Surfaces of Constant Curvature
The figure on the right shows three surfaces of constant Gaussian curvature. The hyperboloid on the left has constant negative curvature, the cylinder in the middle (which can be thought of as a plane rolled so that the ends meet) has constant zero curvature, and the sphere on the right has constant positive curvature. There are two important results about such surfaces.
The first theorem, attributed to Ferdinand Minding, states that all surfaces with the same constant curvature are locally isometric. That is to say that such surfaces can be thought of as the same in some sense due to a 1-1 and onto mapping. A byproduct of this theorem is the notion that we have been dealing with of rotating the plane into a cylinder. Minding's theorem has the consequence that any surface whose curvature is zero (such as the cylinder) can be made by bending a plane region; he called these surfaces developable surfaces.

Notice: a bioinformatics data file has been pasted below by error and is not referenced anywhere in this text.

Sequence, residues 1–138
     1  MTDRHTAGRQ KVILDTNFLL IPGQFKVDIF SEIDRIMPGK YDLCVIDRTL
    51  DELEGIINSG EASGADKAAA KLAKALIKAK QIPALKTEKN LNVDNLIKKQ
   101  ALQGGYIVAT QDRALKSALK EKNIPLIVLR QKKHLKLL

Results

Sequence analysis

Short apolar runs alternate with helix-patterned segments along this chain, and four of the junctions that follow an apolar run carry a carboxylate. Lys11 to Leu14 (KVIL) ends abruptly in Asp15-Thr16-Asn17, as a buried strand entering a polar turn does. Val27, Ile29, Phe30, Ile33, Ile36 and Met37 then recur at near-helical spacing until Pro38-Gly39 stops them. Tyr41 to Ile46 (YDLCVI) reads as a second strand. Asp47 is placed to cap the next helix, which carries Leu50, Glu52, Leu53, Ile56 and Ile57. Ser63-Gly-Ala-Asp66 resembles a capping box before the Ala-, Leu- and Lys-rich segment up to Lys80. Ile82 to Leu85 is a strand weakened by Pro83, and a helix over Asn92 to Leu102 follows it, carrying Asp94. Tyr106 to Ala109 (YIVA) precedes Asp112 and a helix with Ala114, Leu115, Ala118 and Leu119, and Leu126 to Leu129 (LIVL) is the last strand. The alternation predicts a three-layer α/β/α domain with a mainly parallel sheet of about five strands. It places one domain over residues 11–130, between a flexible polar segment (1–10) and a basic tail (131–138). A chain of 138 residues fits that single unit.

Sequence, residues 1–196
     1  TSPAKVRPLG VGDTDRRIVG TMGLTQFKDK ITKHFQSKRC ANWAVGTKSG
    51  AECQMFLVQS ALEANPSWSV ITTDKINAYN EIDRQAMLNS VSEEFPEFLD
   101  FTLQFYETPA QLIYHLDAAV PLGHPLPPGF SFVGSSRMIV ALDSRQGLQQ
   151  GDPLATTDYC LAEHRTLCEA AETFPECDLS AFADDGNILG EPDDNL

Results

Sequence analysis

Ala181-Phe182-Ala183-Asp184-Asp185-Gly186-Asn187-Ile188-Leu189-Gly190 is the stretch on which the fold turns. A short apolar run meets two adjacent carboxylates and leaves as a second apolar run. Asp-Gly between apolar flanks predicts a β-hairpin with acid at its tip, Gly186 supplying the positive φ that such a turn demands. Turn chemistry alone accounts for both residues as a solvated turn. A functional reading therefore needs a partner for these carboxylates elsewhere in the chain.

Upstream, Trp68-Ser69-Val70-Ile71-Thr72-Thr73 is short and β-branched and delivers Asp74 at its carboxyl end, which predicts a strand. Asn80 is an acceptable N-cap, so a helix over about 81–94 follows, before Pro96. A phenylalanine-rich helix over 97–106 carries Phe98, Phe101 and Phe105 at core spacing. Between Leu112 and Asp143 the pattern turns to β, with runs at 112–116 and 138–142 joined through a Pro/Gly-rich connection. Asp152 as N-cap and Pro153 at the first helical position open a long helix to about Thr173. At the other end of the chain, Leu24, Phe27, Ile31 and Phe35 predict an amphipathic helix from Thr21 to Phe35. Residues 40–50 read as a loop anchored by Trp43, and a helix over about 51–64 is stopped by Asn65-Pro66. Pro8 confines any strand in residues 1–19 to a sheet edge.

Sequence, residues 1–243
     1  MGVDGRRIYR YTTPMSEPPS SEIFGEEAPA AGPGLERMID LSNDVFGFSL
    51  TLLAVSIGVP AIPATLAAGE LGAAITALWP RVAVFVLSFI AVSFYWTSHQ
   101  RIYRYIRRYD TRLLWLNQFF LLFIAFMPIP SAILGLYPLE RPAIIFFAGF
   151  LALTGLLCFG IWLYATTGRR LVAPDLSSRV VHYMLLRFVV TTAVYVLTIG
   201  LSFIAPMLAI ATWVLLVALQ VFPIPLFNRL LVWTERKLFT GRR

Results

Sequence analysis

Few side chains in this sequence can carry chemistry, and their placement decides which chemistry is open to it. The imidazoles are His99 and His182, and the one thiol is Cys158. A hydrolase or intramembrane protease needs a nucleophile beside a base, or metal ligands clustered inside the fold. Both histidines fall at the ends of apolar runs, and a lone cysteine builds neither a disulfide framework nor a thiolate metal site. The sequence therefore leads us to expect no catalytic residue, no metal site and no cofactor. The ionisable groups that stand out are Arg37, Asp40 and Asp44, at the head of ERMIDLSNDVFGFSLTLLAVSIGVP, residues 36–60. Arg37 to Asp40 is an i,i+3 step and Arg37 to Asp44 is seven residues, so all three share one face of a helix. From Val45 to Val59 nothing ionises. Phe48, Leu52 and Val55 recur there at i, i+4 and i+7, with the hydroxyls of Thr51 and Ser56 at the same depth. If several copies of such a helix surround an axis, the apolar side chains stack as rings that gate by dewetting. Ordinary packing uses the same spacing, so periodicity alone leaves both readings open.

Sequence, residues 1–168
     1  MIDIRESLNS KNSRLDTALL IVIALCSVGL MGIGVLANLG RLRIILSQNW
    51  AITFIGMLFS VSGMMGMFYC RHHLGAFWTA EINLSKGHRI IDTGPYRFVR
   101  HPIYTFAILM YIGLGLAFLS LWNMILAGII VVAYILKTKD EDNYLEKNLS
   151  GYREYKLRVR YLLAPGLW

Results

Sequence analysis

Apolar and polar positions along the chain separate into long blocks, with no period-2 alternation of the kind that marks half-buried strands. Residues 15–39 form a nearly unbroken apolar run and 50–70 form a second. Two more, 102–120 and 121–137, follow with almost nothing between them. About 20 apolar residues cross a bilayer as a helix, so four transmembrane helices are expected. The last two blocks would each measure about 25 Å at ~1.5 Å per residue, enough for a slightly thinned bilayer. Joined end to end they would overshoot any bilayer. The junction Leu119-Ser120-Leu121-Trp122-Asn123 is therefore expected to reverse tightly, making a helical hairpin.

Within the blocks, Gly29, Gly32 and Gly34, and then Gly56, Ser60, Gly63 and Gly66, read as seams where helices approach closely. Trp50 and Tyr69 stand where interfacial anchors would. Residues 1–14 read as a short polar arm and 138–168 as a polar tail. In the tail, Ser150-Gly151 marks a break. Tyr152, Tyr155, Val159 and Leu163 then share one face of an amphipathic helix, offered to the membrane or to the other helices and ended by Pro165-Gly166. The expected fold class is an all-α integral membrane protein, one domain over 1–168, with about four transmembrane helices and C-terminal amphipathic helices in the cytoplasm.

The second theorem, called Liebmann's theorem, states that spheres are the only closed surfaces of constant positive curvature. Every other surface of constant positive curvature will be open, i.e. will have a definite boundary. While less far-reaching than Minding's theorem, this denotes a special intrinsic property that spheres have.